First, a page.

The company earned $1.71 per share on revenue of $164.05 billion in its fiscal fourth quarter. Analysts expected earnings per share of $1.51 on revenue of $159.72 billion.

However, CFO John David Rainey said, “the consumer is still very pressured.”

“And if you look at economic indicators, balance sheets are running thinner and savings rates are declining relative to previous periods. And so that’s why we take a pretty cautious outlook on the rest of the year.”

— Fred Imbert, Melissa Repko

Home Depot falls after earnings

Home Depot shares fell roughly 3% after the home improvement retailer posted a mixed quarterly report.

The company’s earnings per share of $3.30 topped a Refinitiv forecast of $3.28 per share. Revenue, however, came in at $35.83 billion. That’s slightly below a consensus estimate of $35.97 billion. Home Depot also said it sees sales to remain flat for fiscal 2023.

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HD falls after earnings

Walmart, Home Depot slated to report earnings

Retail giants Walmart and Home Depot are slated to report earnings Tuesday, and they could give investors some insight on how well the consumer is doing. Both companies are scheduled to post their latest quarterly results before the bell.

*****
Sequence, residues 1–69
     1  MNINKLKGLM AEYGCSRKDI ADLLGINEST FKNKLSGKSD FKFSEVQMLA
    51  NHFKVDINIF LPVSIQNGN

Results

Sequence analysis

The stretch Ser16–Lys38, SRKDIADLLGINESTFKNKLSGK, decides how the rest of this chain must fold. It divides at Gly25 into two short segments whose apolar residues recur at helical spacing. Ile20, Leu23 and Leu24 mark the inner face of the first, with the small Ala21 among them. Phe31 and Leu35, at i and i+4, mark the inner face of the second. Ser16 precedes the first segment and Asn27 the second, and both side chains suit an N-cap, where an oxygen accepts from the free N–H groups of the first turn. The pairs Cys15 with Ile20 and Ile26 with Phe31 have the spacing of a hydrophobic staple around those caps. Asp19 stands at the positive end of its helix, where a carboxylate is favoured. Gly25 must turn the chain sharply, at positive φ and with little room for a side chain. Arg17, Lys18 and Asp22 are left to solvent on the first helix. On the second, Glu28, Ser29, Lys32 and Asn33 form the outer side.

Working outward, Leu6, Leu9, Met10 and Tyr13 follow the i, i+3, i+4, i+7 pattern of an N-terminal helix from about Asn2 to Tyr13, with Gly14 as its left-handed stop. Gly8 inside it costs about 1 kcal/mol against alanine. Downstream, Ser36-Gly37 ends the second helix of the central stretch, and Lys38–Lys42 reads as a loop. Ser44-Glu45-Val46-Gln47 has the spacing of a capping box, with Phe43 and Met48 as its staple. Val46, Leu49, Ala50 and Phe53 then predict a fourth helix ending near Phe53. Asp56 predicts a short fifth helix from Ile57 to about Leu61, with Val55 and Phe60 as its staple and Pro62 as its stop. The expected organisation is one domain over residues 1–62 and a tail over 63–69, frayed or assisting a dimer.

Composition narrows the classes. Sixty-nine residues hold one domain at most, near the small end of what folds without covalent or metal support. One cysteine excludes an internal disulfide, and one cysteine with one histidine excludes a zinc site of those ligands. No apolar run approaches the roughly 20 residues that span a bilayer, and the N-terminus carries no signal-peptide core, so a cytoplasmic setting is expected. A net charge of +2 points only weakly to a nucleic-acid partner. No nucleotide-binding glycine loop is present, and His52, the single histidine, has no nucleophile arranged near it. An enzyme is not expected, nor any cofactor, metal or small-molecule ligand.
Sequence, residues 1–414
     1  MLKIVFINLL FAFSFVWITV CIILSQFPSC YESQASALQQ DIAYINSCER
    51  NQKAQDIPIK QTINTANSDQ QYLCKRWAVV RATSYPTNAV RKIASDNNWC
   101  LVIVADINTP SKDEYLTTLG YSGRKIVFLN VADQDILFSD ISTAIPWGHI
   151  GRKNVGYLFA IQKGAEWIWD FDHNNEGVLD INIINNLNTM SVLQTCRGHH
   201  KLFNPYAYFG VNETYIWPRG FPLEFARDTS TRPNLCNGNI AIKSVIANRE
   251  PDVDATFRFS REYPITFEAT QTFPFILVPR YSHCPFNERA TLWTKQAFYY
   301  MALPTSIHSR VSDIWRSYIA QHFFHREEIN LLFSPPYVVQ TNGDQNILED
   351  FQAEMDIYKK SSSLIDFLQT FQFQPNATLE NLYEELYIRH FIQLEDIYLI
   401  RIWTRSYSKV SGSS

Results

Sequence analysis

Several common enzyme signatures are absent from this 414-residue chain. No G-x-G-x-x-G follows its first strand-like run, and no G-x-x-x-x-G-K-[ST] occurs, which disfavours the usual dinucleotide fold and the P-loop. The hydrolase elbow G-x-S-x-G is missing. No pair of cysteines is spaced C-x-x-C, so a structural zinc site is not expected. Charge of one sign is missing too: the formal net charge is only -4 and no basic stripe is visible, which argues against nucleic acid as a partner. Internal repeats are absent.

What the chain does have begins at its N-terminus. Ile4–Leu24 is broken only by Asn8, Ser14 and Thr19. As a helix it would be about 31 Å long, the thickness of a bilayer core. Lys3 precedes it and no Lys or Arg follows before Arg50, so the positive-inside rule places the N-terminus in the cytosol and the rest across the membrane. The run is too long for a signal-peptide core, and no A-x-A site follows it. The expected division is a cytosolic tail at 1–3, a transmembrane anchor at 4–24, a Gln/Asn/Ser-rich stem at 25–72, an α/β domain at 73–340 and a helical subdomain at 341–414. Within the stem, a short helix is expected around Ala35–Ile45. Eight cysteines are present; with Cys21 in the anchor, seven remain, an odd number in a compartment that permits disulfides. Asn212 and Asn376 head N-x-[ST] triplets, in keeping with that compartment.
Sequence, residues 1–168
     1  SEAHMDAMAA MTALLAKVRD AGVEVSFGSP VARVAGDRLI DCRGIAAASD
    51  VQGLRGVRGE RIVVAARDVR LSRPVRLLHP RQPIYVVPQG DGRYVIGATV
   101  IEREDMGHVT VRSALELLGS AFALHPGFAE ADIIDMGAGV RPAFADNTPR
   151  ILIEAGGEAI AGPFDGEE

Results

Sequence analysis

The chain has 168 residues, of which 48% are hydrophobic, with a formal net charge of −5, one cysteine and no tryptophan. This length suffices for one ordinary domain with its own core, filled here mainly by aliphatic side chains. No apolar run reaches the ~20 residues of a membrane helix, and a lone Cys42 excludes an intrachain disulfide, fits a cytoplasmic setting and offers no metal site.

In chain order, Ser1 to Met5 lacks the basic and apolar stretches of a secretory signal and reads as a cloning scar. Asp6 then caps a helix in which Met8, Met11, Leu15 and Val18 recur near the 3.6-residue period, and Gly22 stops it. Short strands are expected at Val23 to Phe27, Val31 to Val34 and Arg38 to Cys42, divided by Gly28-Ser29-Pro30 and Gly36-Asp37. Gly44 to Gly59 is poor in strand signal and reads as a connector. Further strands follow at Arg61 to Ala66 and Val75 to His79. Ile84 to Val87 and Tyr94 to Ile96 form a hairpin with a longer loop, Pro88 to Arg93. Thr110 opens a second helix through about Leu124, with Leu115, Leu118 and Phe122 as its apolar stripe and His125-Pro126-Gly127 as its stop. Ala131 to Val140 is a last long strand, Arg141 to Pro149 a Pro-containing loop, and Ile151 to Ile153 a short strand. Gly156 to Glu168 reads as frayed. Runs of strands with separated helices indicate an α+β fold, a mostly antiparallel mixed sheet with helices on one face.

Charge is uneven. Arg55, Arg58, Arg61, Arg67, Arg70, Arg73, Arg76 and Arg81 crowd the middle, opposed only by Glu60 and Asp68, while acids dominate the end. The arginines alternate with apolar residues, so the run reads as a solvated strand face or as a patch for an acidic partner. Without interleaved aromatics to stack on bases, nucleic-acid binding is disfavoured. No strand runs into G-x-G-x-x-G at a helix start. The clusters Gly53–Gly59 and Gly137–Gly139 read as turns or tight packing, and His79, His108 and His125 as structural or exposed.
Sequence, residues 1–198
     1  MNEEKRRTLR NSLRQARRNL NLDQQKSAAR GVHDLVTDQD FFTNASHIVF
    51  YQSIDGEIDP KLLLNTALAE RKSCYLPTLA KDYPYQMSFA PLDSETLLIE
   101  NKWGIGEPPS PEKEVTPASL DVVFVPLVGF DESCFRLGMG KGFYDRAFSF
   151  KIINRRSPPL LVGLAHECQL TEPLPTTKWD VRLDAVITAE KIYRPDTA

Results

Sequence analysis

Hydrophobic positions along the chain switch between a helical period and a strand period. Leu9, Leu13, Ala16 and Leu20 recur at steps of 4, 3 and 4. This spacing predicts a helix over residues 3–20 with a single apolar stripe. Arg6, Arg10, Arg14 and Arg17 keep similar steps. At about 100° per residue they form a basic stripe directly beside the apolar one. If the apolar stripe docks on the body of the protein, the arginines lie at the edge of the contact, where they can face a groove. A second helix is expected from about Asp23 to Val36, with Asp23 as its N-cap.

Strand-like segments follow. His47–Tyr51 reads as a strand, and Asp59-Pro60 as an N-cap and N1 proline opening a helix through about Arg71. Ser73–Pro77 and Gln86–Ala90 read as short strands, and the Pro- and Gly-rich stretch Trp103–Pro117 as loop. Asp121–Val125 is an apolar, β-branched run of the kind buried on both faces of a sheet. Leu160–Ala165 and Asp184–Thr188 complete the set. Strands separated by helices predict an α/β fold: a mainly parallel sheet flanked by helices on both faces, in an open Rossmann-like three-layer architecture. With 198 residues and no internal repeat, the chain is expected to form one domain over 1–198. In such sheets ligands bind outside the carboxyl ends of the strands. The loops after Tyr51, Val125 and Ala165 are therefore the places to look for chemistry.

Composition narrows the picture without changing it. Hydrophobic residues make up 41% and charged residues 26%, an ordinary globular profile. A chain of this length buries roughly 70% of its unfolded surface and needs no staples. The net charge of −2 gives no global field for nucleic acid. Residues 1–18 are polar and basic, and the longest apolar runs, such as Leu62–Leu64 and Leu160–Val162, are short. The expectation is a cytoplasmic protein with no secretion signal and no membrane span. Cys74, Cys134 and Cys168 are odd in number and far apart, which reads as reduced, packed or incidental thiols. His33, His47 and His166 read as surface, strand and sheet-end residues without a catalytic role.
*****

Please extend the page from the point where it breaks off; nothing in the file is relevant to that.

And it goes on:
Home Depot’s earnings have beaten expectations for 10 straight quarters, FactSet data shows. Walmart, meanwhile, has outpaced analyst forecasts in eight of the last 10 quarters.

Walmart and Home Depot have lagged the broader market to start 2023. Walmart’s stock is up just 3.3% year to date, while Home Depot has advanced just 0.7%. The S&P 500 has climbed more than 6% in that time.

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WMT in 2023

Traders look ahead to Fed minutes

The Federal Reserve’s release of it’s Jan. 31-Feb. 1 meeting minutes could be a market-moving event this week, as traders continue to search for clues on the central bank’s next policy moves.

The minutes are slated for release Wednesday at 2 p.m. At that meeting, the central bank hiked rates by 25 basis points and noted it expects “ongoing” increases.

Last week, St. Louis Fed President James Bullard said a 50 basis point rate hike can’t be ruled out at the next meeting. He also said he advocated for such a rate increase at the most-recent meeting.

— Fred Imbert

Tech stocks seeing lots of short covering, Goldman Sachs says

Many of the traders who were short tech are unwinding those positions, Goldman Sachs said.

Strategists at the bank noted that, over the past 12 trading day, buying on U.S. tech names has been mainly driven by short covering “and to a much lesser extent long buys.”

“In cumulative notional terms, the short covering in US Tech stocks from Jan 31st to Feb 15th is the second largest in magnitude over any 12-day period in the past decade and ranks in the 99.5th percentile,” Goldman said.

— Fred Imbert, Michael Bloom

Stock futures open lower

U.S. stock futures got off to a rough start Monday night. Dow and S&P 500 futures lost 0.3% and 0.2%, respectively. Nasdaq-100 futures also dipped 0.2%.

— Fred Imbert